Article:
A literary giant passed from our midst today with the death of Elmore Leonard.
The report from The Detroit News — http://tinyurl.com/LeonardPasses — correctly cites him as one of America’s greatest crime novelists and the “Dickens of Detroit.”
I enjoyed his writing, and his 10 rules of writing are tools every writer should know how to properly use.
- Never open a book with weather.
- Avoid prologues.
- Never use a verb other than “said” to carry dialogue.
- Never use an adverb to modify the verb “said”…he admonished gravely.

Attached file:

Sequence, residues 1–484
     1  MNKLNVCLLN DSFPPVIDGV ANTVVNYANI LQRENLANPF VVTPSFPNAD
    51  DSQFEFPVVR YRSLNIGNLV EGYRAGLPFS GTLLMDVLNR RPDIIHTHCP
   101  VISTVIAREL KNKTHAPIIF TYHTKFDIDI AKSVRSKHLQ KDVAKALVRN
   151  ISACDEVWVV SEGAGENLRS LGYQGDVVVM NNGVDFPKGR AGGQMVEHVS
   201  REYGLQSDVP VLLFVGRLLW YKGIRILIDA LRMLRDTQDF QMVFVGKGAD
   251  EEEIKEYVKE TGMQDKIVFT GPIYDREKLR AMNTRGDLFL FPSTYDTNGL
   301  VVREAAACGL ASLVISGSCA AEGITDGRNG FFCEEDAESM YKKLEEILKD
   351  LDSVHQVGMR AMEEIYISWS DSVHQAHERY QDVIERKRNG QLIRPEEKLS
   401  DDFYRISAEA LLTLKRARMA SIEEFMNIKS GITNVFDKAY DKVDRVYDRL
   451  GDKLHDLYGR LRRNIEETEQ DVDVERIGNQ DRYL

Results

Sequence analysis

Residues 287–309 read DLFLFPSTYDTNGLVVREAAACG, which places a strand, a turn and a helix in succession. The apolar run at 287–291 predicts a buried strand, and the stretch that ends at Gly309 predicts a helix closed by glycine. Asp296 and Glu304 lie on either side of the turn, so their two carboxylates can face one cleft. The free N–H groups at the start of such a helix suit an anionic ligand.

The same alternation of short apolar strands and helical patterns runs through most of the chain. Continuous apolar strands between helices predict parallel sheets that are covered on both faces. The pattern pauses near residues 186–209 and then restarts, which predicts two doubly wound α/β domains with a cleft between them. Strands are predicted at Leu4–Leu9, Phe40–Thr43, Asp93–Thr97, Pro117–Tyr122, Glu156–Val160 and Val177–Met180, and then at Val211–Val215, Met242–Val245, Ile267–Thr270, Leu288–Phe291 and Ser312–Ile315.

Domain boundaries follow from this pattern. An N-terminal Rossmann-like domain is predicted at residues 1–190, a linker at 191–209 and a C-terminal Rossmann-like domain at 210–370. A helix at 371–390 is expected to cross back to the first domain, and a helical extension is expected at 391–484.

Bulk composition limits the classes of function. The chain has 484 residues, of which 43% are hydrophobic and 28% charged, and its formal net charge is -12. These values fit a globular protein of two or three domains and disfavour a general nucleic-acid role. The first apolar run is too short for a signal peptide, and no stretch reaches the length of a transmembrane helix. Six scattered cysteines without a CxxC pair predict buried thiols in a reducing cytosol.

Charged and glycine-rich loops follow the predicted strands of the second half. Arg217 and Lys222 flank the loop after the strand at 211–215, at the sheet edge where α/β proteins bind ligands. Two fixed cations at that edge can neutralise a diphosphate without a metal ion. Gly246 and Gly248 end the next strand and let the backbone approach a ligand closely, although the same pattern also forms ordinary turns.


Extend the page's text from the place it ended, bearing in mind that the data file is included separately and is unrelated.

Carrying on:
- Keep your exclamation points under control. You are allowed no more than two or three per 100,000 words of prose.
- Never use the words “suddenly” or “all hell broke loose.”
- Use regional dialect, patois, sparingly.
- Avoid detailed descriptions of characters.
- Don’t go into great detail describing places and things.
- Try to leave out the part that readers tend to skip.
My most important rule is one that sums up the 10.
If it sounds like writing, I rewrite it.
(Excerpted from the New York Times article, “Easy on the Adverbs, Exclamation Points and Especially Hooptedoodle”)